The stronger yen makes it harder for companies to make vehicles in Japan and sell them profitably in the United States, which encourages more North American manufacturing.
The Japanese currency strengthened 45 percent over five years, as of Sept. 7, the most of any major currency tracked by Bloomberg. Over the same period, the South Korean won weakened by 17 percent, the second-most among major currencies.
That's particularly beneficial for Hyundai, said Yuuki Sakurai, CEO at Tokyo-based Fukoku Capital Management Inc.
"With the currency, Toyota is in a disadvantaged position compared to Hyundai," said Sakurai, whose company manages 1.5 trillion yen of assets.
Hyundai's improved styling and features also make the company attractive, he said.
"Hyundai is rapidly gaining ground in various markets of the world, and the gap between people's impression of Hyundai and Toyota is narrowing," Sakurai said. "Hyundai's cars are now highly valued for their design and quality, not just competitive pricing."
Toyota this year has announced plans to boost vehicle and engine output at plants in the United States and Canada and to increase purchases of North American parts and materials.
CEO Toyoda also pledged the company founded by his grandfather would keep 3 million units of plant capacity in Japan, a higher portion of its global production than Nissan Motor Co. and Honda Motor Co. This decision reflects Toyota's efforts to re-establish its quality reputation, said Kevin Tynan, an automotive analyst at Bloomberg Industries.
"Toyota isn't chasing short-term profitability," he said. "They've made a conscious decision not to move quickly to set up factories in low-cost production countries like Mexico. It's more important to them to keep tight control of quality over the long term."
Toyota's biggest domestic competitors have moved more quickly to expand capacity in North America, with Honda in particular preparing to build almost all of its models sold in the United States at plants in the U.S., Canada or Mexico.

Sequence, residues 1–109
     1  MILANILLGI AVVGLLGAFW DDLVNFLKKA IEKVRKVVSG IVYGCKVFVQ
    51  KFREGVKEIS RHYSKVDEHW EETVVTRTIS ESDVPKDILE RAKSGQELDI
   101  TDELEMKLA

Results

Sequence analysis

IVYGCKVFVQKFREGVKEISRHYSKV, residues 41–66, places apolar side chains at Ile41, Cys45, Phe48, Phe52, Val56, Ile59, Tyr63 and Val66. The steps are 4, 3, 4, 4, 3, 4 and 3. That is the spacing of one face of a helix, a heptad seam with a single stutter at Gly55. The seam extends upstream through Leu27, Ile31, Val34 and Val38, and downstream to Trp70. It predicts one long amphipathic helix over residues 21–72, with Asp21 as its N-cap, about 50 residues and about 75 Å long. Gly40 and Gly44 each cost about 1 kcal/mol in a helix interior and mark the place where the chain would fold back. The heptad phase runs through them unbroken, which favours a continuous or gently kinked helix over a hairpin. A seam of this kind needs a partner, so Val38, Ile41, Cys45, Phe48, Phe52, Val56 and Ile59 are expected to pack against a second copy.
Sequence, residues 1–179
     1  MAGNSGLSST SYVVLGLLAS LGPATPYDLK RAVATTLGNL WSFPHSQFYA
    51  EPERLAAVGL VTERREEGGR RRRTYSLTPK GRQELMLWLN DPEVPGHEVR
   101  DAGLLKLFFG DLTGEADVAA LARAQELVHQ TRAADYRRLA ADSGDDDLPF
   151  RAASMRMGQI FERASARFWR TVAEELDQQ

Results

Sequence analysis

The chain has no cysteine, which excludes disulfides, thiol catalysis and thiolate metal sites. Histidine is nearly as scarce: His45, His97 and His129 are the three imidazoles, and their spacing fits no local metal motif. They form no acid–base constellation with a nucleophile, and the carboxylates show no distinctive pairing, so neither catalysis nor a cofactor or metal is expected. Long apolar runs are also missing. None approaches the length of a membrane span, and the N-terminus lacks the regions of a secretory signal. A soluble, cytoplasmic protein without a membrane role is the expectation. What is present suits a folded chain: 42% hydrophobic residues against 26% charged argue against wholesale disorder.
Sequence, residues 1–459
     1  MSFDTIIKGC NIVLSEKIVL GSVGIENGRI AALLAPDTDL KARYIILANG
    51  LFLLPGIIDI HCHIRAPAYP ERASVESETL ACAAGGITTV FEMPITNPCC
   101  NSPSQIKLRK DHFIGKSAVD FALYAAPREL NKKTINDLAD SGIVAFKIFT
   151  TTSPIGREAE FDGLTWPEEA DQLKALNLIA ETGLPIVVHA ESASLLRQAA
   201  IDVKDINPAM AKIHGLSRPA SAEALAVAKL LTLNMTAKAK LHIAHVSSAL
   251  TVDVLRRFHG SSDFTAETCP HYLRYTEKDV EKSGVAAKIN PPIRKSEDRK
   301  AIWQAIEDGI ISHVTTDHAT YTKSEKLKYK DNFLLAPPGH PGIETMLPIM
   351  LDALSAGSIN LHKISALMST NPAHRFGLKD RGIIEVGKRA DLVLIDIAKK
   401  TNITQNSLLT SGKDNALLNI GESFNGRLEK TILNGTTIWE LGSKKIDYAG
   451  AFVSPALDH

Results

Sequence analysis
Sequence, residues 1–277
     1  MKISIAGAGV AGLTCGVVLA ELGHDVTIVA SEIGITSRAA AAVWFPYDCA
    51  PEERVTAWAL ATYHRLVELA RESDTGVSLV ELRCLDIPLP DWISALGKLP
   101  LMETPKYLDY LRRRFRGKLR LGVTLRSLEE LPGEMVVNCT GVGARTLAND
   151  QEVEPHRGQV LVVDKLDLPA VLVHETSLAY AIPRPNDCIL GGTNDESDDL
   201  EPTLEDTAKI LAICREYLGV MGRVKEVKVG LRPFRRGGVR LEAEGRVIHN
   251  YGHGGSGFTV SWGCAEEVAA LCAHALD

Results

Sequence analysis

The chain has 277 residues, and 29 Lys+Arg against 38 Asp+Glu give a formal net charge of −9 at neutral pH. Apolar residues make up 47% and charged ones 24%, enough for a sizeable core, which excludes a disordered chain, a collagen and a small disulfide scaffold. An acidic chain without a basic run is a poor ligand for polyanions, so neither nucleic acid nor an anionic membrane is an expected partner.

"Japanese automakers' share prices, including Toyota's, have not risen as much as what their growth and recovery figures show for this year," said Lee Sang Hyun, an analyst at NH Investment & Securities Co. in Seoul, who rates Hyundai a buy. "The strong yen is one reason, and it's also because the profit margins haven't really recovered with the production rate."
Investors are paying twice as much for Toyota shares as for Ford and 54 percent more than for VW, based on price-to-sales ratios. Toyota commanded a relative premium of at least five times Ford's share price and three times that of VW until 2006, based on price-to-sales ratios.
Such comparisons don't fully account for regional differences, said Stephen Usher, a San Diego-based analyst for JI Asia, who has ratings of buy for Toyota and neutral for Hyundai.
"It's very difficult to make straight comparisons across borders," Usher said. "What drives individual stock markets and the stocks in those markets is very different. The investor base is very different."
Toyota remains among the world's best-funded automakers, with cash and short-term investments worth more than $38.3 billion at the end of June.
That compares with $16.2 billion for Hyundai, while Ford held $35.6 billion, and Volkswagen, which acquired Porsche AG's auto business last month, reported $34.1 billion in cash and short-term investments.
Toyota also retains the best credit profile among global automakers, with long-term debt ratings of Aa3 from Moody's Investors Service and AA- from Standard & Poor's Ratings Service.
Hyundai this year is capacity-constrained after three years of rapid growth, Usher said.
"Hyundai is in a period of consolidation and Toyota is a period of recovery," Usher said. "Hyundai is not full speed ahead in any market other than Europe right now."
Not until next year will Hyundai be ready to resume its previous pace of expansion, he said.
"From late 2013 and into 2014, I think the development of the companies is going to be more similar," Usher said. "That's when the true battle will be engaged."